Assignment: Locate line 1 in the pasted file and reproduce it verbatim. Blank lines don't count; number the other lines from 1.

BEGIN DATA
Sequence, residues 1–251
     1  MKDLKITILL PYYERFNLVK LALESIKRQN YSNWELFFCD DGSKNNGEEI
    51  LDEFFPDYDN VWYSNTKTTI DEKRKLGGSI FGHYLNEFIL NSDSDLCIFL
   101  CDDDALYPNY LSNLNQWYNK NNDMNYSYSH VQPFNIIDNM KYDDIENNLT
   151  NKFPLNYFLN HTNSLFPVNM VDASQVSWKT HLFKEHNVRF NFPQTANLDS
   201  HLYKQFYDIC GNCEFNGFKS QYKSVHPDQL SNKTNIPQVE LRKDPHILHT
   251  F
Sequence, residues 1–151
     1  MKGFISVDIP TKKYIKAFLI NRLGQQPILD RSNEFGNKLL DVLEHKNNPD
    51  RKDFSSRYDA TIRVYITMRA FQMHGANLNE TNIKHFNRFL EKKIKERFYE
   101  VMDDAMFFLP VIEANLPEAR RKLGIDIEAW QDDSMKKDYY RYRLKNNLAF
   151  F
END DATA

Sequence, residues 1–251